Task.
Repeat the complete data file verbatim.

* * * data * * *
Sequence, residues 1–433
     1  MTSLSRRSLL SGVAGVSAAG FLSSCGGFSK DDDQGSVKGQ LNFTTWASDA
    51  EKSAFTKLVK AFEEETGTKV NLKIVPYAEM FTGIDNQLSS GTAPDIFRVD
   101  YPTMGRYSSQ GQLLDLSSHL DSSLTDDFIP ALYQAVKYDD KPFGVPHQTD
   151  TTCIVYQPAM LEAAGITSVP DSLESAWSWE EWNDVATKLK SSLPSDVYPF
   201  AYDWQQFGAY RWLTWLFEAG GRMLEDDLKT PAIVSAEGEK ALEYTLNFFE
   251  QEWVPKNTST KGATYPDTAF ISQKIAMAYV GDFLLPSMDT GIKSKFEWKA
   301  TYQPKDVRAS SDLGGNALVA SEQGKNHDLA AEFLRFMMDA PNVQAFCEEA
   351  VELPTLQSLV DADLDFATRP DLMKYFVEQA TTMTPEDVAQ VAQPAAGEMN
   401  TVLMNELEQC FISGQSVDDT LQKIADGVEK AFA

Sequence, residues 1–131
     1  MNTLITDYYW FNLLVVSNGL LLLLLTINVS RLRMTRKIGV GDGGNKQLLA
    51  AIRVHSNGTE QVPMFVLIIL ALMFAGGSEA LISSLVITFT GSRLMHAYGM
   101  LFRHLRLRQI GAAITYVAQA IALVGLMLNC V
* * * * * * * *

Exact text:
Sequence, residues 1–433
     1  MTSLSRRSLL SGVAGVSAAG FLSSCGGFSK DDDQGSVKGQ LNFTTWASDA
    51  EKSAFTKLVK AFEEETGTKV NLKIVPYAEM FTGIDNQLSS GTAPDIFRVD
   101  YPTMGRYSSQ GQLLDLSSHL DSSLTDDFIP ALYQAVKYDD KPFGVPHQTD
   151  TTCIVYQPAM LEAAGITSVP DSLESAWSWE EWNDVATKLK SSLPSDVYPF
   201  AYDWQQFGAY RWLTWLFEAG GRMLEDDLKT PAIVSAEGEK ALEYTLNFFE
   251  QEWVPKNTST KGATYPDTAF ISQKIAMAYV GDFLLPSMDT GIKSKFEWKA
   301  TYQPKDVRAS SDLGGNALVA SEQGKNHDLA AEFLRFMMDA PNVQAFCEEA
   351  VELPTLQSLV DADLDFATRP DLMKYFVEQA TTMTPEDVAQ VAQPAAGEMN
   401  TVLMNELEQC FISGQSVDDT LQKIADGVEK AFA

Sequence, residues 1–131
     1  MNTLITDYYW FNLLVVSNGL LLLLLTINVS RLRMTRKIGV GDGGNKQLLA
    51  AIRVHSNGTE QVPMFVLIIL ALMFAGGSEA LISSLVITFT GSRLMHAYGM
   101  LFRHLRLRQI GAAITYVAQA IALVGLMLNC V